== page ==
Last week the journal Pediatrics published an article about a three-year-old girl born prematurely at just 21 weeks’ and 4 days’ after conception. The girl weighed about 14.5 ounces at birth, and had to be resuscitated by medical personnel.
Today she is a healthy preschooler.
Doctors hope this points to a better future for babies born prematurely.
This story underscores a problem with the U.S. Supreme Court’s so-called “viability rule” for abortion.
According to the courts, “viability” is the point at which a baby can survive outside the womb.
In the past the court has ruled abortion can be regulated later in pregnancy — after a baby becomes “viable” and can live outside the womb. Abortion cannot be regulated as easily early in pregnancy — before the baby is “viable.”
Many argue a baby doesn’t become viable until the 22nd or 24th week of pregnancy. This journal article shows a healthy child who was born several days before that, during the 21st week of pregnancy.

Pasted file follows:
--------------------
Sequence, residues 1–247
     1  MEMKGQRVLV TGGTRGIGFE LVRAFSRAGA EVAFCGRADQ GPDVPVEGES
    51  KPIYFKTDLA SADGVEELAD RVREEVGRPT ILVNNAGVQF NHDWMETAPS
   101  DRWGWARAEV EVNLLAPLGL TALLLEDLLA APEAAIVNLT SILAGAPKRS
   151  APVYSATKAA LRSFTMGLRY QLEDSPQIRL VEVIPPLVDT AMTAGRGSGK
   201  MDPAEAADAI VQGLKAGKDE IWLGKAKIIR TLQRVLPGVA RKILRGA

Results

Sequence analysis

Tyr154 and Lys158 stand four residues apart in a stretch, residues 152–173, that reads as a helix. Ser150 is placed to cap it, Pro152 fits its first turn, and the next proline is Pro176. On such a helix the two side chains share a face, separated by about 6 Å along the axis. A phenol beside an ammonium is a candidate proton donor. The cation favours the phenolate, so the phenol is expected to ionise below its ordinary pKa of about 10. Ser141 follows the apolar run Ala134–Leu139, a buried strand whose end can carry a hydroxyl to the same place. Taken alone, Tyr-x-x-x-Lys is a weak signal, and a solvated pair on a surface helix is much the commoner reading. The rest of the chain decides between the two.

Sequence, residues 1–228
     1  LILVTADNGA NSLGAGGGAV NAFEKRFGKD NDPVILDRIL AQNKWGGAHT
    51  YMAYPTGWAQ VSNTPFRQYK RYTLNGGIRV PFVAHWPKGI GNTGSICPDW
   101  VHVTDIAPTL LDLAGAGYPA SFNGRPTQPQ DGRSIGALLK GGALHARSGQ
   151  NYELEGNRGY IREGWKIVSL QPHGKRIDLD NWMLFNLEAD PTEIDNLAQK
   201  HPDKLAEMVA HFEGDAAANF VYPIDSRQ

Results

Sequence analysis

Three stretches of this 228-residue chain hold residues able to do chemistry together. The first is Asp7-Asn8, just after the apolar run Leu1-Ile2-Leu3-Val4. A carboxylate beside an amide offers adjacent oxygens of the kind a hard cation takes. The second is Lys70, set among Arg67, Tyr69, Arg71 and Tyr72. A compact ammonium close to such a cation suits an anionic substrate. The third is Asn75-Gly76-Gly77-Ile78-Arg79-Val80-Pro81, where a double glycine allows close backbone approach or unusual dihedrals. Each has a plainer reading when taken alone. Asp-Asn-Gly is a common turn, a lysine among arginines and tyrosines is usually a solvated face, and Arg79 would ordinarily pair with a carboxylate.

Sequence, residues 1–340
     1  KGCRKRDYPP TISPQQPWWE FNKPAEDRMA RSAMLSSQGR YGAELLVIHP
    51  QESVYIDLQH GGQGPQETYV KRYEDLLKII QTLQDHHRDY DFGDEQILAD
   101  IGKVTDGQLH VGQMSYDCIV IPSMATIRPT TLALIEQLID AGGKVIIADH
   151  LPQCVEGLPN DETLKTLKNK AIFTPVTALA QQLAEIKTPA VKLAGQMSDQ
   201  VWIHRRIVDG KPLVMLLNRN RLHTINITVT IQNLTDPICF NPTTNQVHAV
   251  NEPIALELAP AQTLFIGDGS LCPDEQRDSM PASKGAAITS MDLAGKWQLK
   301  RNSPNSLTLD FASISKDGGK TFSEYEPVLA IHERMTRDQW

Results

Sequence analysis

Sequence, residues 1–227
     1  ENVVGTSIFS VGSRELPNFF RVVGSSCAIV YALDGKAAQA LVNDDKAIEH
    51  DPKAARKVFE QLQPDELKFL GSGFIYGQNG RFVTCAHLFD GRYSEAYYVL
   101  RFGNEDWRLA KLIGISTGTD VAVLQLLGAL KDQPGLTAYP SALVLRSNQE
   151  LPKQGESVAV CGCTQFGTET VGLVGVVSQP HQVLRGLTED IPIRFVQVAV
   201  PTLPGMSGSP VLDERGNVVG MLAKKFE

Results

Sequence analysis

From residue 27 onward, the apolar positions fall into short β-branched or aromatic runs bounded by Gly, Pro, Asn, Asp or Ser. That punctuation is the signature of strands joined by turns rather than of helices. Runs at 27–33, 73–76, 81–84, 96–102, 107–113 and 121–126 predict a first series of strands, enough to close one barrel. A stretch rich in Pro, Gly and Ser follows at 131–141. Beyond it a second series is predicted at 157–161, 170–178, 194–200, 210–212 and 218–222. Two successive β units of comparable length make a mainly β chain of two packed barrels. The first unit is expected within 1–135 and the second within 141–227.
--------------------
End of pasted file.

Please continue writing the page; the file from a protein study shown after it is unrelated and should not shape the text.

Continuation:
Medical technology continues to push the point of “viability” earlier and earlier in pregnancy. Supreme Court Justice Sandra Day O’Connor acknowledged this fact 34 years ago when she wrote, “As medical science becomes better able to provide for the separate existence of the fetus [from the mother], the point of viability is moved further back toward conception.”
This latest article in Pediatrics highlights that fact.
Photo Credit: By Rafael Alcarde Palomares (Own work) [CC BY-SA 3.0 (https://creativecommons.org/licenses/by-sa/3.0)], via Wikimedia Commons.